'Does your daughter draw much at home?' the preschool teacher calls to me across the playground.
'Yes, she loves drawing,' I say. 'Why?' I am defensive.
'It's just I thought maybe you could spend some time with her this week helping her hold her pencil correctly.'
The next day, I ask my daughter, who's nearly four, if she wants to draw.
'No,' she says. This is an unusual response.
I coax her further. 'Please?' I am keen to see this wayward grip. Eventually, she relents, and we draw together. It is true - she holds her crayon in a fist. She swirls and twirls it across the page. I try to correct her grip.
'I don't want to do it like that! I like doing it like this,' she says.
'Just try it,' I insist.
'No!' she cries. She flings the crayon across the playroom, and walks away.
Although I am a stay-at-home-mum, I don't do a lot of interactive activities with my children. I find myself - ourselves - pottering the day away. I do what I need to around the house. My children play alone or together. We chat and interact as we go about our day. It's a happy tandem existence.
There is a craft table set up for my three-year-old. She has access to a craft bin full of 'useful things'. She has paper, pens, crayons and watercolours at her disposal. While I am doing the washing-up, my daughter pieces together a collage, sticking leaves and flowers from the garden onto coloured paper. She draws around the shapes. Her creativity is fluid and uninterrupted as we each do our own thing.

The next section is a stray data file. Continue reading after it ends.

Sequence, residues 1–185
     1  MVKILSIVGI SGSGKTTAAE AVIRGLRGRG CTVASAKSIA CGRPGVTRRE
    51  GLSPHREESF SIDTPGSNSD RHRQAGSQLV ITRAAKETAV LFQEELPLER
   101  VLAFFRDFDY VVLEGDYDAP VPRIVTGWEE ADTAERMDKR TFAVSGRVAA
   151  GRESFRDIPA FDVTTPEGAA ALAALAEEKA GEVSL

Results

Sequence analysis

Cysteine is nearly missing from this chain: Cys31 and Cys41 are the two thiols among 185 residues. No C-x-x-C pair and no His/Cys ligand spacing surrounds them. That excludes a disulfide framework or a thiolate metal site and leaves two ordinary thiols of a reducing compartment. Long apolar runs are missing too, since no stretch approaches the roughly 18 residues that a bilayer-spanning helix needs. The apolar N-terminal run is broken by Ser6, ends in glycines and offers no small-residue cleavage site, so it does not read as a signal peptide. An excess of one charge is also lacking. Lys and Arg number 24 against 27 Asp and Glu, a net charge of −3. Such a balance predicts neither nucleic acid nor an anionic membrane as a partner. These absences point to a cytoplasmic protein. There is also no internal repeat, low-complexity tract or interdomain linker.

Author and public speaker, Carl Honoré, coined the term 'slow parenting'. He says that '...children are denied the right to play freely on their own, which we know is essential for building young brains and developing confidence and the ability to get along with others. Many kids are therefore arriving at university with shining résumés but lacking what they really need to succeed: an independent spirit, a hunger for learning, essential social skills and a sense of who they are and where they want to go in life.'
Honoré goes on to say, 'Children develop their creativity when they are allowed to let their minds wander and play. And I'm talking about free play when they let their imagination go and disappear into a game without adults controlling everything. That kind of play is crucial for brain development, notably, fostering creativity. When children are given too little time for free play, they begin to lose the ability to play at all.'
Honoré's words echo through my mind as I lay out a piece of butcher's paper for my daughter. I slip away, and attend to the dinner. I peak through the kitchen door. She is sitting on her knees, at the table, drawing giant swirls - her whole body is involved. She clutches her pen in a fist to emphasize its movement, then adjusts, holding it like a bird holds a worm in its beak.
Children obviously need guidance and stimulation, and won't learn certain skills unless they are introduced to them. But on the other hand, I don't want to be overly directive, or rush my daughter into something she is not ready to do. I want to give her the space, and the opportunity to develop her creativity in her own time, in her own way. She will hold her pen correctly when she needs to, but until then, I will hang her looping flourishes on the fridge and step back to admire them.